Online bookings for online travel agents, airlines, hotel, and car rental services have reached an all-time high, setting up this summer to be a record-breaking travel season. This latest Adobe Digital Index report, which looked at 51.5 billion visits, reveals overall trends that illustrate the movement toward booking travel online and provides insight into the seasonality of online reservations.
- Both direct and indirect booking shows double-digit improvement: car rental sites are experiencing the highest bookings growth at 17.4% year-over-year (YoY) and online travel agents second highest at 13.5%.
- The percentage of return shoppers, a metric which is generally equated with greater revenue per visitor and lower marketing acquisition costs, is up 1% and steadily improving, likely as a result of increased use of targeted marketing campaigns.
- Tablet average booking value is up nearly 10% YoY and yield an average well over $600 per transaction.
It’s going to be a hot summer for online travel.
Based on an analysis of more than 150 mobile and global travel (airline, hotel, travel agency, car rental, cruise line and casino) websites from January of 2009 to April of 2013, online bookings to these travel sites typically peak in mid-July with the U.S.- based companies expected to hit $54 billion in Q3, a 10.7% increase over last year. Q4, which typically sees a decline in bookings, is expected to also maintain an 8–10% YoY growth rate. The Q4 fall-off comes from the hotel and car rental segments; however, airline bookings peak in October as road warriors return home and holiday plans are booked farther in advance.
Car rental sites are leading the pack. Travelers are becoming more loyal.
Current trends indicate that car rental websites will see the largest year-over-year growth at nearly 20%. All categories will see growth rates in the double digits except for the airline category, which is already the leader in overall online bookings. The trends indicate that money is moving from offline booking methods to online, but not all of the new bookings are going to online travel agents.
Previous Adobe Digital Index return shoppers analysis in the retail sector highlights the enormous impact of return visitors to each site’s bottom line: a 1% increase in return visitors equates to an additional $39 million in additional revenue per site on average. Improvements to the site’s proportion of return visitors also reduce marketing acquisition costs. As more travel sites adopt new digital marketing technologies, which can specifically target content and marketing to existing customers, the trends indicate that they are making good progress in bringing back more return shoppers.
Booking via tablets rising quickly
Tablets drive 7.5% of all bookings and have become a major factor for this industry, but not all sites have become good at servicing them. An analysis of the distribution of tablet bookings across all sites, indicated by the width of the shaded areas, demonstrates a widening gap between the sites that have optimized for tablet versus those that have not.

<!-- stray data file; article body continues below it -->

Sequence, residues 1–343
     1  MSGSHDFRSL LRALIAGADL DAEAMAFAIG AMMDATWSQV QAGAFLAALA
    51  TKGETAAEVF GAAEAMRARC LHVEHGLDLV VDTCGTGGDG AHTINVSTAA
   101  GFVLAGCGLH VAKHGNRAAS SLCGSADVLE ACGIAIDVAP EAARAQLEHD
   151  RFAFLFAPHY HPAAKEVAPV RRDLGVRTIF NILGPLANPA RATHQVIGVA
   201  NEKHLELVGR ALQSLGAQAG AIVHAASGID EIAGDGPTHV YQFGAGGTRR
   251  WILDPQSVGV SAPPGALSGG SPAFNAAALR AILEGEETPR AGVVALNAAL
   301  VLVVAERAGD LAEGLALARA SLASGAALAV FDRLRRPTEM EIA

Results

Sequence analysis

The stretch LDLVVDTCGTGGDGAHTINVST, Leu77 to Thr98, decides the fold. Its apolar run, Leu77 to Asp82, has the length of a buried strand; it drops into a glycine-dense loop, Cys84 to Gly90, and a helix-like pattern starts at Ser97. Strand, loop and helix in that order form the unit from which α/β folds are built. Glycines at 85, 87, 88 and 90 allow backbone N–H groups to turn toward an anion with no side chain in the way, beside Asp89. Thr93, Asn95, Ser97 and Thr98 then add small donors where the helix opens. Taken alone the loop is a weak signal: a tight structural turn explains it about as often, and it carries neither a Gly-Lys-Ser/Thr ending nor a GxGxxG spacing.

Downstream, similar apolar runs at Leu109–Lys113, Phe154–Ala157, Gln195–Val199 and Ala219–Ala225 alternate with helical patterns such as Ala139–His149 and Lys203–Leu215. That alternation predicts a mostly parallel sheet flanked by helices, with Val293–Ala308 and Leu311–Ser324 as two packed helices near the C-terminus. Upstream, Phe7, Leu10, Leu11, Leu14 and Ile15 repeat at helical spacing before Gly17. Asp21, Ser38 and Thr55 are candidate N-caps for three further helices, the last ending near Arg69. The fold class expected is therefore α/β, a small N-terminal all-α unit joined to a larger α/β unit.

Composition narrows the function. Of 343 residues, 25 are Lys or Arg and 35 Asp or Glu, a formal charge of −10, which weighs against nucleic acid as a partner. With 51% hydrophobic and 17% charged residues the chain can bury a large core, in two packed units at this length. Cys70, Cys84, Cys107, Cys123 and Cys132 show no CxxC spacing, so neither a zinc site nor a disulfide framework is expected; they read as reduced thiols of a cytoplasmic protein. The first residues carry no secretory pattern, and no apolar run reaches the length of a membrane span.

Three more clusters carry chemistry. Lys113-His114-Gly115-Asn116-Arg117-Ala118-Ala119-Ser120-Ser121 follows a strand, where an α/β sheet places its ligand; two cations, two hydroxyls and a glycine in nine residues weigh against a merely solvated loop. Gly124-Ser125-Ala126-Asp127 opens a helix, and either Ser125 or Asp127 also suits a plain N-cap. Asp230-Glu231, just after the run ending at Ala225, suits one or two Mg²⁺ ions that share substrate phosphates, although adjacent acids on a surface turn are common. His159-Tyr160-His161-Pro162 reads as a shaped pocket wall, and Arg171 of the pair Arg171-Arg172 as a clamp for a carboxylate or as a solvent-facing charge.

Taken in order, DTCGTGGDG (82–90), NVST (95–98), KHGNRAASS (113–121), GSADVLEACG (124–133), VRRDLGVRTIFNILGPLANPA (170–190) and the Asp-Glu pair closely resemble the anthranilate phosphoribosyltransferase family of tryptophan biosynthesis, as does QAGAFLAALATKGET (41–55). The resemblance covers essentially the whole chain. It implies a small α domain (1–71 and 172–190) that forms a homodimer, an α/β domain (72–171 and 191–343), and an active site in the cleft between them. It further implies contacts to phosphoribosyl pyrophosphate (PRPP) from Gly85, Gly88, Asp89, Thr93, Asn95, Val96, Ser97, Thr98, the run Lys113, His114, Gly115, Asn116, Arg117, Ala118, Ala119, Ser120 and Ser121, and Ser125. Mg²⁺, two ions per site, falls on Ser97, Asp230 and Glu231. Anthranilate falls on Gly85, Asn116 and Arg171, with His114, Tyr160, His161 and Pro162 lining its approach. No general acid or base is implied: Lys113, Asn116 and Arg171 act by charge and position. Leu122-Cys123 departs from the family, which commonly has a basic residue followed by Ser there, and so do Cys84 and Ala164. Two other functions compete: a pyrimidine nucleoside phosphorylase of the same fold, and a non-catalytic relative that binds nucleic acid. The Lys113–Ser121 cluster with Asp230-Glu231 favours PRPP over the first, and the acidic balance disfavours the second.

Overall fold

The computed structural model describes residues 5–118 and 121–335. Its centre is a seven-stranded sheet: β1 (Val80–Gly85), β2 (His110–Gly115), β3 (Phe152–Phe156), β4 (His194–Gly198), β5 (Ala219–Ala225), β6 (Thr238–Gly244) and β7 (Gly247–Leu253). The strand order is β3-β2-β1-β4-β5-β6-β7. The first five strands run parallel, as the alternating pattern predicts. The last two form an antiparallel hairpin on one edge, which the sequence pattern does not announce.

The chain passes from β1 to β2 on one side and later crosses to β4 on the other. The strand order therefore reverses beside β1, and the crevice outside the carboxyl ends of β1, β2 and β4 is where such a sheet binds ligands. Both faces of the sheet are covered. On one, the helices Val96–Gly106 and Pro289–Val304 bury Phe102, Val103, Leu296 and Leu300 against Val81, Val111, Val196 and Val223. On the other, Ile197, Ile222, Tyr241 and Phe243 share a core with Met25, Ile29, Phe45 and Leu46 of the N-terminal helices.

As usage climbs, so does the amount of money spent per booking. Average booking value from tablets has increased nearly 10% since last year to $636 per booking on average.
Page views per tablet visitor and time spent per visit from tablet sites have declined over time. This may indicate that customers are generally finding it easier to access the content they need or more likely that they are quick to leave a site which has not been mobile-optimized.
Onward and upward
Increasing demand and the continued shift from offline to online travel bookings continue to drive a surprising amount of new opportunity since the current shift represents a fraction of $600 billion industry. Additionally, new online business models and an improved economy may shift transaction volume toward direct channels in the coming years. Travel sites are among the leaders in capitalizing on innovations in personalization, targeting, and optimization marketing technologies and the results appear to be paying off. There is always more work to do, especially around the increasingly complex array of mobile interaction points. Many sites haven’t begun to deal with smartphones or tablets and are now faced with game consoles, Internet-enabled eReader devices and SmartTVs. The industry will be in constant evolution and will continue to surprise and delight personal and business travelers alike as they take advantage of innovative new approaches to selling and servicing our travel needs.
Do you feel like you’re becoming more loyal to certain travel sites? Do you prefer to buy direct from the supplier, intermediary, or neutral? I love the new mobile boarding passes. Have you found a new online feature that you can’t live without?
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